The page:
Self-management

Coping and support

People with pressure sores might experience discomfort, pain, social isolation or depression. Talk with your care team about your needs for support and comfort. A social worker can help identify community groups that provide services, education and support for people dealing with long-term caregiving or terminal illness.

Parents or caregivers of children with pressure ulcers can talk with a child life specialist for help in coping with stressful health situations.

Family and friends of people living in assisted living facilities can be advocates for the residents and work with nursing staff to ensure proper preventive care.

Prevention

You can help prevent bedsores by frequently repositioning yourself to avoid stress on the skin. Other strategies include taking good care of your skin, maintaining good nutrition and fluid intake, quitting smoking, managing stress, and exercising daily.

Tips for repositioning

Consider the following recommendations related to repositioning in a bed or chair:

  • Shift your weight frequently. If you use a wheelchair, try shifting your weight about every 15 minutes. Ask for help with repositioning about once an hour.
  • Lift yourself, if possible. If you have enough upper body strength, do wheelchair pushups — raising your body off the seat by pushing on the arms of the chair.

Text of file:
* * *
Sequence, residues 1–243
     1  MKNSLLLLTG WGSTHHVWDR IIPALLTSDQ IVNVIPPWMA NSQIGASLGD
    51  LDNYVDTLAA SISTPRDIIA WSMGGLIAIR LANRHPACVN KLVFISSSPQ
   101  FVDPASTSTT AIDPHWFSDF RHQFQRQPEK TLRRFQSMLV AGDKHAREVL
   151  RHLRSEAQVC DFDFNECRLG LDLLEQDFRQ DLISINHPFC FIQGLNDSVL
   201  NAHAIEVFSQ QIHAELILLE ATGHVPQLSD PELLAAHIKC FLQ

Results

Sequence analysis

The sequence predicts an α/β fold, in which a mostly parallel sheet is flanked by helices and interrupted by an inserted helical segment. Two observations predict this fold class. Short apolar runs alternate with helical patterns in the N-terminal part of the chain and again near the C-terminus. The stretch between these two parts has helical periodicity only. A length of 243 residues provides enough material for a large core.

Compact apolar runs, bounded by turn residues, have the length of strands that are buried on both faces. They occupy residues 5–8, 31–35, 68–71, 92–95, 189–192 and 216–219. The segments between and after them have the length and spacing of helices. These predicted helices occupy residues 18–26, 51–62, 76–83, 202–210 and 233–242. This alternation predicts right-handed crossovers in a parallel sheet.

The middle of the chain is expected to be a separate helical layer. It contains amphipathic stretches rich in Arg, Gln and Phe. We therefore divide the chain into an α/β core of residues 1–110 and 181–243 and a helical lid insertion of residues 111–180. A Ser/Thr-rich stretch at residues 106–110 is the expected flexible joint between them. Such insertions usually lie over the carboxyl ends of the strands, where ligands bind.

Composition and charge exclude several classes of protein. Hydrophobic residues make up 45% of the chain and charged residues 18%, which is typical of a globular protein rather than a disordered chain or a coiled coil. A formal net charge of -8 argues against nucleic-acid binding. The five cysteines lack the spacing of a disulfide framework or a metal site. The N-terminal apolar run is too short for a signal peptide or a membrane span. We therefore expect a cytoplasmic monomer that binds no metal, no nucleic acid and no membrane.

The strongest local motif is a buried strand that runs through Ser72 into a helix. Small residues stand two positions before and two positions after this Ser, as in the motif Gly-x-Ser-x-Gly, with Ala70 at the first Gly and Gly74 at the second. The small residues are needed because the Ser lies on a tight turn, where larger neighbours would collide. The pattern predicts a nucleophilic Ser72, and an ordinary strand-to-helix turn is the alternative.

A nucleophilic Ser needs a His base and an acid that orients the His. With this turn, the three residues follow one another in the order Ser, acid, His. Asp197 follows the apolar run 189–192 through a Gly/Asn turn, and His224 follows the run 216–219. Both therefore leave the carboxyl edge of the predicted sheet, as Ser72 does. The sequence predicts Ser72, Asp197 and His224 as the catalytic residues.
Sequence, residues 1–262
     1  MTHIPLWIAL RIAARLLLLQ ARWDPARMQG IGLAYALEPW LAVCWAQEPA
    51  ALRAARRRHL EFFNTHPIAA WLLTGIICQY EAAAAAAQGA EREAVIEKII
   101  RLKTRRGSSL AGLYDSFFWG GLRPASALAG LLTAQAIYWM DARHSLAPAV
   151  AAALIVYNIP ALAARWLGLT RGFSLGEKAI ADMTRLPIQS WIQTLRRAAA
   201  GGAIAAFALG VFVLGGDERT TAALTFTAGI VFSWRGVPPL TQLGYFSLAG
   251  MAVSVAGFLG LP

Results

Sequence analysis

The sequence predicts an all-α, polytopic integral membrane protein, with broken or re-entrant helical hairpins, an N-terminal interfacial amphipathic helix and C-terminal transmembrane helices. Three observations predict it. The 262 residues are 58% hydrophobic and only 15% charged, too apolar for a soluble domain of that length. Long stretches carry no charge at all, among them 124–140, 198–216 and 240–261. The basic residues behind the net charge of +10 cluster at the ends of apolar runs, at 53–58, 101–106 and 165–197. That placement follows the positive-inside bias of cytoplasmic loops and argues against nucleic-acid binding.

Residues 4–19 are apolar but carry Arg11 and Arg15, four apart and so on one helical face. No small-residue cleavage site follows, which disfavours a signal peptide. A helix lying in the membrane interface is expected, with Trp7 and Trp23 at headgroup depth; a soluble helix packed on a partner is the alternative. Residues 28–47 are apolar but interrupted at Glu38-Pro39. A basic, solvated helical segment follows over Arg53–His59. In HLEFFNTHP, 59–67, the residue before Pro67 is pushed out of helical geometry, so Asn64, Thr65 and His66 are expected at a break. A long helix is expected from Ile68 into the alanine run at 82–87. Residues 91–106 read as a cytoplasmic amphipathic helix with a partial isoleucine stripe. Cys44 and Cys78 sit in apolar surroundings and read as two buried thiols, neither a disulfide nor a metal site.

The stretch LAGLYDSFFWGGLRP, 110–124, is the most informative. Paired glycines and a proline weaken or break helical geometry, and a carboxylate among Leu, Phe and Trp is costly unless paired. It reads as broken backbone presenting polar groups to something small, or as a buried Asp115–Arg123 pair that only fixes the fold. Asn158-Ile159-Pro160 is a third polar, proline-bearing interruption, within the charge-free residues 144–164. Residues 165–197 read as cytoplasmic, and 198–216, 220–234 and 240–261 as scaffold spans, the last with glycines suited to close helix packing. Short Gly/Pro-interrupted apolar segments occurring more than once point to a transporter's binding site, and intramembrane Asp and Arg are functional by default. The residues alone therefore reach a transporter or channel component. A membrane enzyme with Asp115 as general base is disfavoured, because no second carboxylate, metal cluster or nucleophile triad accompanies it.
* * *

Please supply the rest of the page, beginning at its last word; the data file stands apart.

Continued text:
• Look into a specialty wheelchair. Some wheelchairs allow you to tilt them, which can relieve pressure.
  • Select cushions or a mattress that relieves pressure. Use cushions or a special mattress to relieve pressure and help ensure your body is well-positioned. Do not use doughnut cushions, as they can focus pressure on surrounding tissue.
  • Adjust the elevation of your bed. If your bed can be elevated at the head, raise it no more than 30 degrees. This helps prevent shearing.

Tips for skin care

Consider the following suggestions for skin care:

  • Keep skin clean and dry. Wash the skin with a gentle cleanser and pat dry. Do this cleansing routine regularly to limit the skin's exposure to moisture, urine and stool.
  • Protect the skin. Use plain talcum powder to protect skin at friction points. Apply lotion to dry skin. Change bedding and clothing frequently if needed. Watch for buttons on the clothing and wrinkles in the bedding that irritate the skin.
  • Inspect the skin daily. Look closely at your skin daily for warning signs of a pressure sore.
April 25, 2017
References
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